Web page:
5 easy ways you can be an ally to disabled travelers

Oct 2, 2021

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If you are an “able-bodied” traveler, there are many things that you can do to help improve travel for those of us with disabilities. After all, it could also be of tremendous value to you in the future. Anyone, at any time, can join the disability community, so by making the world more inclusive now, you can help future generations as well.

Did you know that approximately one in four people have a disability? By encouraging destinations to be inclusive of all travelers and speaking up if accessibility is limited in a tourist site, you are not only potentially helping yourself for the future, but you are also helping your extended family, friends, and everyone in general.

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Below is a list of ways you can be the best ally to disabled travelers. As a wheelchair user myself, I thank you for taking the time to read this article and taking the actions below.

Support legislation that improves accessibility

The Air Carrier Access Act prohibits discrimination by air carriers against individuals with disabilities. The ACAA has provided regulations for 35 years, but it is in need of an update. Currently, the Air Carrier Access Amendments Act is trying to be passed in congress. It would strengthen enforcement of the ACAA, require airlines to meet accessibility standards, and most importantly, improve the safety of air travel for passengers with disabilities. You can ask your members of Congress to support this bill by filling out this simple form online.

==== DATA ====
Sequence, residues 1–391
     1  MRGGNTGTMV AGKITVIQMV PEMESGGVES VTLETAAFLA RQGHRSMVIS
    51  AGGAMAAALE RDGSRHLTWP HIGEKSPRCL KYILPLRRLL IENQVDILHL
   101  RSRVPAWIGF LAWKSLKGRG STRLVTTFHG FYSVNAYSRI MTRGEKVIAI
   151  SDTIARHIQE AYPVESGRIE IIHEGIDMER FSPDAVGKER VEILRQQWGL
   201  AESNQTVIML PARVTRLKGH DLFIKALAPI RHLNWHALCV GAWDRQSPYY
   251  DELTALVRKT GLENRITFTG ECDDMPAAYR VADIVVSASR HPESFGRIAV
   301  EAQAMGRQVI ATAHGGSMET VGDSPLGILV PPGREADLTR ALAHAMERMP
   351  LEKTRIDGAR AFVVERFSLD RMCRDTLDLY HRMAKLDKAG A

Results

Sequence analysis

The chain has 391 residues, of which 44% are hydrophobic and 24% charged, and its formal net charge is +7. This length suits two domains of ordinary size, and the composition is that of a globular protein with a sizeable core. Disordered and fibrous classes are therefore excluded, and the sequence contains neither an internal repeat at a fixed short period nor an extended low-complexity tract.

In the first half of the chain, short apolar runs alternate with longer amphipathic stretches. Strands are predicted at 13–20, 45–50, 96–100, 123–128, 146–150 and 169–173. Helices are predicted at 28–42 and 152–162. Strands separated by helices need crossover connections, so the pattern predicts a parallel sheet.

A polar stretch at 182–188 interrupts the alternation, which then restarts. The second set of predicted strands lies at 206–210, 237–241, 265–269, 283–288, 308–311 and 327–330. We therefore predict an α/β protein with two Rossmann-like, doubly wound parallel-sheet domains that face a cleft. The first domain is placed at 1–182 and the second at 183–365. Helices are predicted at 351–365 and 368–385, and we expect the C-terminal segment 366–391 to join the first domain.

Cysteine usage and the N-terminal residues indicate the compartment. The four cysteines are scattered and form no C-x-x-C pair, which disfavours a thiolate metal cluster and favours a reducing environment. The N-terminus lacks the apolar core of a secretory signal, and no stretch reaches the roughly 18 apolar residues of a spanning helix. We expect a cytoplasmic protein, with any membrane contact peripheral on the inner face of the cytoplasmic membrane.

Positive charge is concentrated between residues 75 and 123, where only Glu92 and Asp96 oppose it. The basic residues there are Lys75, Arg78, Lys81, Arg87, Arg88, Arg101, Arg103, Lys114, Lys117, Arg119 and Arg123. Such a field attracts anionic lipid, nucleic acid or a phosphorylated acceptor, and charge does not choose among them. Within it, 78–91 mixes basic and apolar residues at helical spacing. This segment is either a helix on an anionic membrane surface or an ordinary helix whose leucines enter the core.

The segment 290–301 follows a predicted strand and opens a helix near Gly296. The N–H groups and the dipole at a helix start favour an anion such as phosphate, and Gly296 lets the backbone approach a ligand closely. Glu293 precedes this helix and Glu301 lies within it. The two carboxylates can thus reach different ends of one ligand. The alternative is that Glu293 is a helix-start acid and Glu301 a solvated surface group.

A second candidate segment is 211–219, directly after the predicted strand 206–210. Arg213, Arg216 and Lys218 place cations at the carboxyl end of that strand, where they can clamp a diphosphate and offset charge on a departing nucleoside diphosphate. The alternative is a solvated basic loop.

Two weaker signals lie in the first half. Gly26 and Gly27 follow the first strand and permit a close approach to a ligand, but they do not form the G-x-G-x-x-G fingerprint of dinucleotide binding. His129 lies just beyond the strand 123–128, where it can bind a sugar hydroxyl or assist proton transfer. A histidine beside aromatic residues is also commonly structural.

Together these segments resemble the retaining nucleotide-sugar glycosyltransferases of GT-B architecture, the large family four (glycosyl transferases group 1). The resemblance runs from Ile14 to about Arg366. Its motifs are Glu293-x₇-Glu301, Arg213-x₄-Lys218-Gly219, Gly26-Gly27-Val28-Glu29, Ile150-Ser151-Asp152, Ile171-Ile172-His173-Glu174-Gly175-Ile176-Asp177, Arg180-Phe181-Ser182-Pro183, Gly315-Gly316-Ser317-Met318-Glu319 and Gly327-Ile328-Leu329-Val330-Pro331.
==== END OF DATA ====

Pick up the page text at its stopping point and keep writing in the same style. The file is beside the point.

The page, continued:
The airline industry is very aware of the rights of disabled passengers, but as stressors arise in the airport, there may be times that fairness is overlooked. If you are on a plane or in an airport and see someone in a wheelchair being treated unfairly, remind the airline of the ACAA.

Support organizations that are working to make travel more accessible

All Wheels Up, for example, is an incredible organization that is pushing for wheelchair users to be able to remain in their wheelchair during flight.